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Leap of Fate
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Leap of Fate

Patient twin-stick shooter fans willing to wait out the game’s rough edges will probably enjoy Leap of Fate.

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Early Access games are a dime a dozen these days! There was once a time when games came out in relatively complete condition before developers charged you for them and blah blah blah. Let’s skip the old man shtick for once: Early Access is here, it’s too lucrative to leave, so we might as well get used to it. Let’s embrace modernity and check out Leap of Fate, a recent Early Access release that shows promise.

At its most basic, Leap of Fate is a twin-stick arena shooter. You’ve got your basic energy wave attack, your more powerful Glyph attack and your quick dash to escape from bad situations. Your goal in most levels is to clear out all the baddies without getting cleared out yourself; everything but your basic attack has limited uses, so the game’s all about resource management to ensure that you don’t get overwhelmed.

The game’s framing device helps shake the arena shooter formula up a little, though. Much like (the coincidentally-named?) Hand of Fate, Leap of Fate presents itself as a card game in a temple called the Crucible of Fate. Each stage is displayed as a card with information about how difficult and lucrative the battle you’re about to face will be. You can choose which stages to complete, eventually leading you down paths toward bonuses and keys. Eventually, you’ll head to the end of a set of stages and move onto the next; after a few of these to warm up, you’ll unlock a more difficult mode which provides further complexity like stage challenges.

There’s some degree of character customization as well, since you’ll be upgrading your mage using several skill trees as you go along. These are largely modifications to your attacks and passive upgrades; every so often you’ll obtain a new Glyph as well, but these aren’t especially common. You definitely feel a sense of increased power as you obtain more upgrades, which is nice. I also enjoyed the little flavor-text blurbs accompanying the nodes on each skill tree, despite the occasional cheesiness.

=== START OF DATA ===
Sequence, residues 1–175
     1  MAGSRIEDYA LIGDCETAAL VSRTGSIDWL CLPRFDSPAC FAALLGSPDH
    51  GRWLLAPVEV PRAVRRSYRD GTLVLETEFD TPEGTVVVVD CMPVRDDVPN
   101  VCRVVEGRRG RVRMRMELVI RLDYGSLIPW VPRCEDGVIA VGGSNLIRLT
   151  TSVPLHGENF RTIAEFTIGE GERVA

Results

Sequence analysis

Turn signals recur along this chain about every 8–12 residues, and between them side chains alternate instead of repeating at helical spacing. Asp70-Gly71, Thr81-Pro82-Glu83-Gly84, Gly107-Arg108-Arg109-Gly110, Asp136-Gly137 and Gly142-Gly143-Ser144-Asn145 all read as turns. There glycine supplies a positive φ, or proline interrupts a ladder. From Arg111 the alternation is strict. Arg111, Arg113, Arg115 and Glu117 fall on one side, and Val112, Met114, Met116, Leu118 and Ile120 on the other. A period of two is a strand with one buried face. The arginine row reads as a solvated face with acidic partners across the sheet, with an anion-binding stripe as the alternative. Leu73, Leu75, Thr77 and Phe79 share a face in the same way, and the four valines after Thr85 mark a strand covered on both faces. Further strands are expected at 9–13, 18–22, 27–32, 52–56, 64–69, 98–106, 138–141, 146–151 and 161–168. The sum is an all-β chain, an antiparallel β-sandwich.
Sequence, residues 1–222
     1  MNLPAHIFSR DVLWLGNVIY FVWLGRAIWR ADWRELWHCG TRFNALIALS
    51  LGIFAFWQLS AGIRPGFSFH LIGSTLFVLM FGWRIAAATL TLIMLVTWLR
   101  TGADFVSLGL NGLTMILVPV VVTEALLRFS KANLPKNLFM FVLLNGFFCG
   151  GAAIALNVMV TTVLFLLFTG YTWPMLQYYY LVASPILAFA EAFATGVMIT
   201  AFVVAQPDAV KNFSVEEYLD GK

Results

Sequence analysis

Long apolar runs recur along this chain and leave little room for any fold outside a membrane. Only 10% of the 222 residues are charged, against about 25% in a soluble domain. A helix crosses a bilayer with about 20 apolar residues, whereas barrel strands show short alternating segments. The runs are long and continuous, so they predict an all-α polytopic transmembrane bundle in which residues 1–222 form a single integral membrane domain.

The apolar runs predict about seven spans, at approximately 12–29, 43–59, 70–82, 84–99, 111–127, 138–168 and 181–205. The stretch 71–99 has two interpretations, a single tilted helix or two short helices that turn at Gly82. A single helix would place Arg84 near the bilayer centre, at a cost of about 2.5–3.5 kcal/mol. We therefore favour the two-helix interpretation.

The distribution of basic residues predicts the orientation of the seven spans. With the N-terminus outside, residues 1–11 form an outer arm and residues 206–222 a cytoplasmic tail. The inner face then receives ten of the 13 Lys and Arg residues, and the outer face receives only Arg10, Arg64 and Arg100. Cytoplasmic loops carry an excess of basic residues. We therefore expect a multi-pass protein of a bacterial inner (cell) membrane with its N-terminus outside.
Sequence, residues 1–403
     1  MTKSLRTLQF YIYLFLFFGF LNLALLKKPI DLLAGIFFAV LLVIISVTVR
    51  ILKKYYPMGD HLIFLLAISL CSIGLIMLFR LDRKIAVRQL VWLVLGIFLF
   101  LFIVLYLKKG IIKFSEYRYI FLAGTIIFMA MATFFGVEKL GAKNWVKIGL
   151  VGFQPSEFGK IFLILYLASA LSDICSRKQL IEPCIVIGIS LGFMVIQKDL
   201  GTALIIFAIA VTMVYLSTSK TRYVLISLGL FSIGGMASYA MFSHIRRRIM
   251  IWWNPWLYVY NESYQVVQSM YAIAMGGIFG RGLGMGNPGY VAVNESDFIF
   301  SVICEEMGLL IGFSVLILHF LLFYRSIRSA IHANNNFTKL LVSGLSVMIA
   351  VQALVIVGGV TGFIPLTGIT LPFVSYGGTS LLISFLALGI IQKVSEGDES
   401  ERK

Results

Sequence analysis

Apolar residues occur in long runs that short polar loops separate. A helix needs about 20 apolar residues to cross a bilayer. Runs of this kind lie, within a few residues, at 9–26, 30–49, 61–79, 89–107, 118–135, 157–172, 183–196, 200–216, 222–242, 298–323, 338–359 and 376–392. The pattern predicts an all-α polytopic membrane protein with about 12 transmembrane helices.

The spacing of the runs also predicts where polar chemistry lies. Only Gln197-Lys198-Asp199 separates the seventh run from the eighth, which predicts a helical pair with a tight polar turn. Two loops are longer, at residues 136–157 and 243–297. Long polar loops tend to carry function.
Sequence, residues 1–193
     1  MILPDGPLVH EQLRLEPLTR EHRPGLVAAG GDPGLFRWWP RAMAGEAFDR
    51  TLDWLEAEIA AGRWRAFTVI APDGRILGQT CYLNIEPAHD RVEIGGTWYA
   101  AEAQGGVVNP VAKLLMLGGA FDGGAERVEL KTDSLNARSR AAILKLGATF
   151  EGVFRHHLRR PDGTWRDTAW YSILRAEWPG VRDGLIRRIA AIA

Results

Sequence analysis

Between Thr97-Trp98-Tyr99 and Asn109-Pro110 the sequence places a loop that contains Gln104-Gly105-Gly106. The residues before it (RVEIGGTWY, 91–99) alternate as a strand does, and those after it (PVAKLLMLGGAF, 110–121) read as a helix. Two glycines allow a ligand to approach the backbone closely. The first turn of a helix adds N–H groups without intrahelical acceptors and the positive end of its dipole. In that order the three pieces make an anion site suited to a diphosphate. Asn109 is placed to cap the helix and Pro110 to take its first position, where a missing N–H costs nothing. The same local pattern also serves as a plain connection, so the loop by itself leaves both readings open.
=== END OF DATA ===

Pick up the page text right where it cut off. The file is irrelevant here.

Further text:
My favorite aspect of Leap of Fate is the modern-day cyberpunk setting. It feels a bit like a Shadowrun arena shooter and I have very few complaints about that. The character designs reinforce this look; the only playable character that’s currently available, Aeon, would fit right into Shadowrun Returns.

So the gameplay is interesting and the concept is neat. Unfortunately, Leap of Fate is still in a very early stage of development, so it’s definitely hurting for polish. Your attacks don’t seem to properly “connect” with baddies, for instance – there’s a tiny bit of lag between when your spell should hit and when the enemy reacts, which feels very odd. There’s also only one character available at the moment, though three more are promised.

Still, if you believe Early Access promises, then all of this is going to be addressed in the coming weeks. Leap of Fate certainly feels like it has a strong foundation to build on, and I’m anxious to see how everything comes together. If you’re into twin-stick arena shooters and willing to wait while the developers iron out the game’s rough edges, then Leap of Fate may be your ticket to a destructively good time.

About the Author: Cory Galliher